- Sen. Elizabeth Warren sent a letter to US Treasury Secretary Steven Mnuchin on Friday warning him to not ease bank regulations following September’s liquidity scare.
- The Democratic primary front-runner asked Mnuchin what he thinks caused the spike in short-term lending rates, and why the Federal Reserve might continue with its capital injections when banks are bringing in record profits.
- Though recent Fed actions have calmed the short-term rate, Warren said major banks’ reliance on central bank intervention sets a dangerous precedent reminiscent of the Great Recession.
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Sen. Elizabeth Warren sent a letter to US Treasury Secretary Steven Mnuchin warning him to not ease bank regulations in the wake of September’s liquidity scare.
Warren’s Friday letter asked Mnuchin what he thinks caused the spike in short-term lending rates, and why the Federal Reserve may continue to increase bank reserves when the firms are bringing in record profits.
The Democratic primary frontrunner also expressed concern that the Federal Stability Oversight Council may back efforts to loosen liquidity laws for major banks.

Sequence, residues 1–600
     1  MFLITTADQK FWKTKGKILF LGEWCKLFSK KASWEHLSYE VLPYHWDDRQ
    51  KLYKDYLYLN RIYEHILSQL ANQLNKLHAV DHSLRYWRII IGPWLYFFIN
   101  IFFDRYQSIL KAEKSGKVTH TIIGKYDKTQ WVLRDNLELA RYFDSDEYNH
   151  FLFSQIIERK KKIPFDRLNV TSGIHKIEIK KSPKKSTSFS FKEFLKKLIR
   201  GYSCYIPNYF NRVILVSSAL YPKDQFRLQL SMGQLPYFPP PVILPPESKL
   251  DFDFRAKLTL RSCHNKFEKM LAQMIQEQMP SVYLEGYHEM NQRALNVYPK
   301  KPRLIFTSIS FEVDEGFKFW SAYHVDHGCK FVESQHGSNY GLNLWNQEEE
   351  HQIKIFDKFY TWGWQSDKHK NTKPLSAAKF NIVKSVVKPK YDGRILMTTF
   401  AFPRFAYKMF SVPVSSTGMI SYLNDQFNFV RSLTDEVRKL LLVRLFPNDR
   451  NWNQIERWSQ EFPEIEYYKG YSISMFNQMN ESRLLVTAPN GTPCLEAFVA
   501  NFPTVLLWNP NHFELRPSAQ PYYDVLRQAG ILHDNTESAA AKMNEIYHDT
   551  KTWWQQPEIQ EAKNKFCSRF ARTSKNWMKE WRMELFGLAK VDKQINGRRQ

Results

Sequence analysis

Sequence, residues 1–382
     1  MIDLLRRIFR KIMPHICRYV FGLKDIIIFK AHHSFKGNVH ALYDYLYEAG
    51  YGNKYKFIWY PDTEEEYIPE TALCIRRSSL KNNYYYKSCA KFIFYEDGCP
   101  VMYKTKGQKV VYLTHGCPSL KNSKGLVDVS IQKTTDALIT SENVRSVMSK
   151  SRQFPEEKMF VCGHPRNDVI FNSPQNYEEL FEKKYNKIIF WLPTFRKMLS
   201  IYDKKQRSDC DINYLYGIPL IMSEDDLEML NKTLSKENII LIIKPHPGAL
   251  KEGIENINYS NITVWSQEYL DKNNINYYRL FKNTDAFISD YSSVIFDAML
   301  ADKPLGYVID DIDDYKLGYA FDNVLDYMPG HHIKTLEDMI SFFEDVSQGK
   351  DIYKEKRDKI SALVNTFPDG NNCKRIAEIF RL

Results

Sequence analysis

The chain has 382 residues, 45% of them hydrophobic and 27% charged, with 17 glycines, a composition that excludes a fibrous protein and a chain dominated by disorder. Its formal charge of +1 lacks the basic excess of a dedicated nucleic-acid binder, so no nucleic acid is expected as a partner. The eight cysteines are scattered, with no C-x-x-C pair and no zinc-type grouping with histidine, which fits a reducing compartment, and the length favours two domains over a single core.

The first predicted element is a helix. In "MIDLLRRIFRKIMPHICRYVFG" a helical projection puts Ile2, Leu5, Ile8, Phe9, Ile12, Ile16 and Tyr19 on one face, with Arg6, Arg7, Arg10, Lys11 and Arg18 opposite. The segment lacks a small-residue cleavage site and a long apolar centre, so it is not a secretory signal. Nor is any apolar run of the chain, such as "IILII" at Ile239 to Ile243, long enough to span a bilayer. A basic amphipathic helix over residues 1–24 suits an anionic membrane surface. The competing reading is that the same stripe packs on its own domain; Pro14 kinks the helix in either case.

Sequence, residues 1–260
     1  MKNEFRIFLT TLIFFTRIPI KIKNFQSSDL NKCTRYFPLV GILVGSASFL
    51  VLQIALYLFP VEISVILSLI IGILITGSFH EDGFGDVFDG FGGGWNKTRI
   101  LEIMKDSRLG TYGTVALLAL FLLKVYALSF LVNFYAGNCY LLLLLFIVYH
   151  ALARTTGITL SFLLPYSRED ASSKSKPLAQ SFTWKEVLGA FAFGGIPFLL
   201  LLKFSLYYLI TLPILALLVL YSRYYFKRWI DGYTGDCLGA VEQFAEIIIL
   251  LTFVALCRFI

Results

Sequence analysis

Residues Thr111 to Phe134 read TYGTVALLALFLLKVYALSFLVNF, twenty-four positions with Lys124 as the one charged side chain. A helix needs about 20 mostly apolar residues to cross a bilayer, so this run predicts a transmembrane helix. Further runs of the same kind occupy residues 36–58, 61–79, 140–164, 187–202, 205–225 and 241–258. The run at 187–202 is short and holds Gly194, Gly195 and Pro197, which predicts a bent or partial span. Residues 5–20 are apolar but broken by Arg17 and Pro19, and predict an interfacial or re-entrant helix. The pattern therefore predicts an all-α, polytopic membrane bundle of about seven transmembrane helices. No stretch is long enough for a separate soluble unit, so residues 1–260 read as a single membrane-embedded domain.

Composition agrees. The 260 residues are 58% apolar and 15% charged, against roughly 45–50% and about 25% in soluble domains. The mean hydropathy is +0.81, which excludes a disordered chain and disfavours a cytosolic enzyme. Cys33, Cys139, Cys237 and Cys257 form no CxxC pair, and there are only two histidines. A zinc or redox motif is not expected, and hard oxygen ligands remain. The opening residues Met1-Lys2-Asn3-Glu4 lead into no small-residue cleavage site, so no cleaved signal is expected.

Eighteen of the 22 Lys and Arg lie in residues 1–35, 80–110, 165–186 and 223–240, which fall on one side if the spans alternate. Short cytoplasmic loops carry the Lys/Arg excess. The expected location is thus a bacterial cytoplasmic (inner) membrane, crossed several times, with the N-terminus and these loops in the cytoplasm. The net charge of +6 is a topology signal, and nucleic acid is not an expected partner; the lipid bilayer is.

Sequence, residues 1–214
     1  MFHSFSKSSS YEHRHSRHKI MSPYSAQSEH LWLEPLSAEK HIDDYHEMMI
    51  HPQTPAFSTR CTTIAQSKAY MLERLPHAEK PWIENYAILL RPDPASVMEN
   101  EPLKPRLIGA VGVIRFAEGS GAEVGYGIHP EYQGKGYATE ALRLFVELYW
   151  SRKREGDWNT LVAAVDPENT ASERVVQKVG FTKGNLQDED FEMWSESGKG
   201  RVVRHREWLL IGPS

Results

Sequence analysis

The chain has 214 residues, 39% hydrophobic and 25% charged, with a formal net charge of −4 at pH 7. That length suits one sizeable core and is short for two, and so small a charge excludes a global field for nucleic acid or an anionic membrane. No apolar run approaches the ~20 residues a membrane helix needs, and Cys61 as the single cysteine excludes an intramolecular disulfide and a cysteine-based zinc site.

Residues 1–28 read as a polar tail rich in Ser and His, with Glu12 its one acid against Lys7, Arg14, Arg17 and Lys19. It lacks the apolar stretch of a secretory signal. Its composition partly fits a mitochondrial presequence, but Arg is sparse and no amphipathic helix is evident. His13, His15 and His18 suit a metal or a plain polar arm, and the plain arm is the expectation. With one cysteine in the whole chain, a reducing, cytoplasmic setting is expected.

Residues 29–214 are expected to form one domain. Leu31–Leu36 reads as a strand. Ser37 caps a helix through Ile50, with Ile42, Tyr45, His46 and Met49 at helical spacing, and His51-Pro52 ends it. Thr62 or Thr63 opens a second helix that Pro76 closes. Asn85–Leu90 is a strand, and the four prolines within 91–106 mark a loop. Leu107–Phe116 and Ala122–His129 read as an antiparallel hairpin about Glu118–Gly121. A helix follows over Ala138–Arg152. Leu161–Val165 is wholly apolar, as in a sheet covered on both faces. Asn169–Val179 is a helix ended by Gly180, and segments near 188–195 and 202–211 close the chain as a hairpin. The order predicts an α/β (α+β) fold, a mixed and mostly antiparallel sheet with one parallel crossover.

“These rules were designed to ensure that banks have enough cash on hand to meet their obligations in the event of another market crash,” Warren wrote. “Banks are reporting profits at record levels, and it would be painfully ironic if unexplained chaos in a small corner of the banking market became an excuse to further loosen rules that protect the economy from these kinds of risks.”
Regulations introduced in the wake of the 2008 financial crisis require banks to hold a certain amount of cash as a cushion for liquidity pressures. Large banks have lodged their complaints about the regulations, as they leave the banks with less free-flowing capital.
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The Fed has been actively calming money markets after the short-term funding rate spiked to 10% from 2% overnight in mid-September.
The central bank began monthly purchases of $60 billion in Treasury bills on October 15 to keep its key interest rate within an intended range. The Fed has also been boosting liquidity through overnight market repurchase agreement, or repo, operations since September 17.
JPMorgan Chase CEO Jamie Dimon said October 15 that liquidity laws kept the firm from releasing additional capital to calm September’s overnight rate spike.
The Fed’s actions have helped bring rates back to previous levels, but Warren said that the major banks’ reliance on central bank policy sets a scene similar to that which existed before the Great Recession.
“While the Federal Reserve has taken the necessary action to ensure that markets continue to function, I am alarmed that it has been required to engage in money market interventions that have not been used since the 2008 financial crisis,” the senator wrote.
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